Artists: Hans Arp, Louis Aragon, Johannes Theodor Baargeld, Cino Cantarelli, Serge Charchoune, Marcel Duchamp, Gala and Paul Éluard, Max Ernst, Julius Evola, Aldo Fiozzi, Théodore Fraenkel, Franton et Brekel, Walter Mehring, Benjamin Péret, Georges Ribemont-Dessaignes, Jacques Rigaut, Philippe Soupault, Joseph Stella, Tristan Tzara, Jacques Vaché, un ami de St. Brice

Soirée: June 10, 1921, 8:30 p.m.

Matinées: June 18 & June 30, 3:30 p.m.

Duration: June 630, 1921

Dimensions: 26.9 x 21 cm

Medium: Invitation / Catalogue, Nr. 25 out of 600

Further Information: The Dada movement has its origin in 1917, when artists from the fighting nations have gathered in exile as a form of resistance and indifference as reaction to the First World War in the Swiss city of Zurich. The Dada movement underwent different changes throughout the five years of its existence moving from Zurich (1915-17) to Paris (1919-22), and later being taking up in Berlin. In Paris the Dada member came together in 1919 consisting of many poets such as Guillaum Apollinaire, Blaise Cendrars, Pierre Reverdy, Louis Aragon, Philippe Soupault, who started reading out loud their poems as a performative act. The international exhibition was part of the Dada Season, which started on April 14, 1921, with a visit to the church Saint-Julien-le-Pauvre. Seeking out to the broader public, the Dada group presented itself in public spaces with an anti-ideological, anti-bourgeois and anarchist attitude. The Dada Season contained different formats such as “Visits – Dada Salon – Conferences – Commemorations – Operas – Plebiscites – Summons – Accusation Orders and Judgements,” as summed up by the poet Louis Aragon (cited in Claire Biship, Artificial Hells – Participatory Art and the Politics of Spectatorship, London: Verso Books, 2012).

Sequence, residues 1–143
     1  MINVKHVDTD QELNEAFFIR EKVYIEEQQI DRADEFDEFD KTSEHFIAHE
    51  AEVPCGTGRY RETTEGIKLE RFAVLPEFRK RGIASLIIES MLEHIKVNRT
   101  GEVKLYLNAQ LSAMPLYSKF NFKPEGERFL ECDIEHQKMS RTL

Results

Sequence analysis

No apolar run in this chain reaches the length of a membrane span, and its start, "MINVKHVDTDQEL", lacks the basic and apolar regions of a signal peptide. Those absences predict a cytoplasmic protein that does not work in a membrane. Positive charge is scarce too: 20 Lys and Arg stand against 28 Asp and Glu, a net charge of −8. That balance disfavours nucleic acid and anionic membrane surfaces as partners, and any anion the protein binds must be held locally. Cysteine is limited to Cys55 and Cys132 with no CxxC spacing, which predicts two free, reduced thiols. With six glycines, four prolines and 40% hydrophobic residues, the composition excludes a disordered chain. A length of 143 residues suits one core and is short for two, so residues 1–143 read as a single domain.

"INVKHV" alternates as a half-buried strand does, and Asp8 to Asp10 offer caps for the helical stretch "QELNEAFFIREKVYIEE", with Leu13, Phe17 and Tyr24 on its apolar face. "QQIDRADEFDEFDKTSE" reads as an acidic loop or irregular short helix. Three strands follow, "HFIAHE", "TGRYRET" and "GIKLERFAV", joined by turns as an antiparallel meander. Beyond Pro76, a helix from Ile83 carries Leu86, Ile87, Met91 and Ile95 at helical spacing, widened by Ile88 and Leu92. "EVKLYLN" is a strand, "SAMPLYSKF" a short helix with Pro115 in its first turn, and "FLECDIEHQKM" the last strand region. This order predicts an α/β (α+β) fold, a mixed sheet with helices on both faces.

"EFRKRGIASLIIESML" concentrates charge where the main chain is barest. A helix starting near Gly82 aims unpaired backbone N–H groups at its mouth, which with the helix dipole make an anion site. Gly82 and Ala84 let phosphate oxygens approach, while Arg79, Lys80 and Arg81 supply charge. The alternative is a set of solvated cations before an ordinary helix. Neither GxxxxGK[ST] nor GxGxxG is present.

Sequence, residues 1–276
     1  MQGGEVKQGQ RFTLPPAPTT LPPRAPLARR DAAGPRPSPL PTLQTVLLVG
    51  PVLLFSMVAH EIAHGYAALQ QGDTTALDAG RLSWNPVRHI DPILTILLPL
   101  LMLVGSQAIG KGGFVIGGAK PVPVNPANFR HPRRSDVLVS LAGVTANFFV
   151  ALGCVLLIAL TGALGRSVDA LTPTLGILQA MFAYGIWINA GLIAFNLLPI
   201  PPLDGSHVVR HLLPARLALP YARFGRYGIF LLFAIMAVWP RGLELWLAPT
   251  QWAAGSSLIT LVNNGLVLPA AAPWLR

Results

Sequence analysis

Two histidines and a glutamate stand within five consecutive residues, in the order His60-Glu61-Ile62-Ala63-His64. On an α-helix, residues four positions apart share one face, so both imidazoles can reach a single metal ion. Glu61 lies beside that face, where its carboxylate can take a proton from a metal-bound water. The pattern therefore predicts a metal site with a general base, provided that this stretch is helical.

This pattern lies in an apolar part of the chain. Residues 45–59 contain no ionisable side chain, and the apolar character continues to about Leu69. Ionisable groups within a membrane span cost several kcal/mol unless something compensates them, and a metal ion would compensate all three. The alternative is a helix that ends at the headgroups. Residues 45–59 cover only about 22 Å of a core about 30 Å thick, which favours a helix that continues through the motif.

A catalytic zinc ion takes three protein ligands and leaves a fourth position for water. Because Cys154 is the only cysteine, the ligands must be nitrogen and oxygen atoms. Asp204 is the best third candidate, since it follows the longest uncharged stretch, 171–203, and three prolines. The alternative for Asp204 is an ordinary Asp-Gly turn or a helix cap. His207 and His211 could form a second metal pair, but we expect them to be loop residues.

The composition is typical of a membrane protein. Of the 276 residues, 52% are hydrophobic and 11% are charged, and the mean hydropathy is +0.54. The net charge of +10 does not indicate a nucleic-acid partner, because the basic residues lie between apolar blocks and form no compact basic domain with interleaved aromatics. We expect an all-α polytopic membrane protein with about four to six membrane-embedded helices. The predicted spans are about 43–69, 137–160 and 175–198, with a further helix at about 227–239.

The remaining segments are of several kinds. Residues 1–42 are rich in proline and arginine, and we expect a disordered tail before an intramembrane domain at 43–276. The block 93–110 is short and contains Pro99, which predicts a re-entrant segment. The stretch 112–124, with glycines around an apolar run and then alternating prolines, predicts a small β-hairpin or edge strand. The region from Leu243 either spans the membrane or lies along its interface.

Images: Images of the invitation and all other archival documents shown on this page are part of the online collection of Archiv der Avantgarden, Staatliche Kunstsammlungen Dresden.

Hans ArpMarcel DuchampMax ErnstPaul ÉluardTheo van DoesburgTristan Tzara

Theo van Doesburg facsimile WAT IS DADA published in 1923.

Richard Huelsenbeck, DADA SIEGT, Malik Verlag, 1920